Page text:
Of course, the Carboniferous rainforest collapse happened hundreds of millions of years ago, before people were around to witness it, let alone record the event. However, a recent historical study backs up previous claims that the collapse of the Ptolemaic Empire in Ancient Egypt in 30 BC may have been the result of environmental disaster, and the ruling elite’s failure to deal with it.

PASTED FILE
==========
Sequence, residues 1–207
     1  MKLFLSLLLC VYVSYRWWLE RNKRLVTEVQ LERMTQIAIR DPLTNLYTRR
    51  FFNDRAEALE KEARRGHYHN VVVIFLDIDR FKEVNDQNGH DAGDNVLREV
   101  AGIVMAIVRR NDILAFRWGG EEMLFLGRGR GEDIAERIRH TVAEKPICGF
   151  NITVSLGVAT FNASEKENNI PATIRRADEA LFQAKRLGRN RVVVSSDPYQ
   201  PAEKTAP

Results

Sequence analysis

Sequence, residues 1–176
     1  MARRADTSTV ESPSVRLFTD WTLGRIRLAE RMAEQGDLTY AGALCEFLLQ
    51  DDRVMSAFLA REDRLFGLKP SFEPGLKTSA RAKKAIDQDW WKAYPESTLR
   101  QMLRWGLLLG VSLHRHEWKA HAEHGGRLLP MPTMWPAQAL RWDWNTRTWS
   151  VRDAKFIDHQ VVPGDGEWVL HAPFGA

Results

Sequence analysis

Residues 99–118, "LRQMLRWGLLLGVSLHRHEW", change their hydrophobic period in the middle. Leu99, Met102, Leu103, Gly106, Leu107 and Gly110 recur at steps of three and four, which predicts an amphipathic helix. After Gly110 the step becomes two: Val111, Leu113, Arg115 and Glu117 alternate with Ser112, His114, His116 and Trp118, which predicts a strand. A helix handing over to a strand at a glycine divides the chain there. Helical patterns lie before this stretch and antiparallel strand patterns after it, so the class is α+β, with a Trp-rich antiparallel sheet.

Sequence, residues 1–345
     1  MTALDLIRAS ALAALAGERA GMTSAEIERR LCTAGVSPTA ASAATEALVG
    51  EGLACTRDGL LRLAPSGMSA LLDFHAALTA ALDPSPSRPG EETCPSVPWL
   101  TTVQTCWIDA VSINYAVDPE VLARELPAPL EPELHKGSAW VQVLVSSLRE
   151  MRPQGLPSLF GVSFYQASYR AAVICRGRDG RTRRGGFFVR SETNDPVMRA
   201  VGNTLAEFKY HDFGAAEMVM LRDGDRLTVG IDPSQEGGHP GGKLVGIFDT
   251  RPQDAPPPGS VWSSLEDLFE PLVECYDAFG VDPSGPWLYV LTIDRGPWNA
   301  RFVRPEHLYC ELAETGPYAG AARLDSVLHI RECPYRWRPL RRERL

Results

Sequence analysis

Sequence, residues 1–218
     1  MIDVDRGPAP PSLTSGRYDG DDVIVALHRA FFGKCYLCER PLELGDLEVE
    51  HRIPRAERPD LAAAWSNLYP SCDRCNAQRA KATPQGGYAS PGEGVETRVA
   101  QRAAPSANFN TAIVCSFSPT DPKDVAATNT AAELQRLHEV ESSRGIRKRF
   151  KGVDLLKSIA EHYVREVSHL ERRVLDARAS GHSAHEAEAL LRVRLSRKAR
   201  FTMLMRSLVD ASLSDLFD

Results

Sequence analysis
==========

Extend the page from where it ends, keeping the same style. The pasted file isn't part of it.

Joseph G. Manning is Professor of Ancient History at Yale University and led the study “Volcanic suppression of Nile summer flooding triggers revolt and constrains interstate conflict in Ancient Egypt,” published in October 2017. Manning spoke to The Washington Post about his findings not long after the publication of the work. “For so long, [the Ptolemaic Empire] had been playing so close to the edge, fighting huge wars and growing crops that were especially vulnerable to changes in the Nile,” he said. “They refused to change their politics and it left them vulnerable once larger forces in nature and in the world came along and pushed them over the edge.”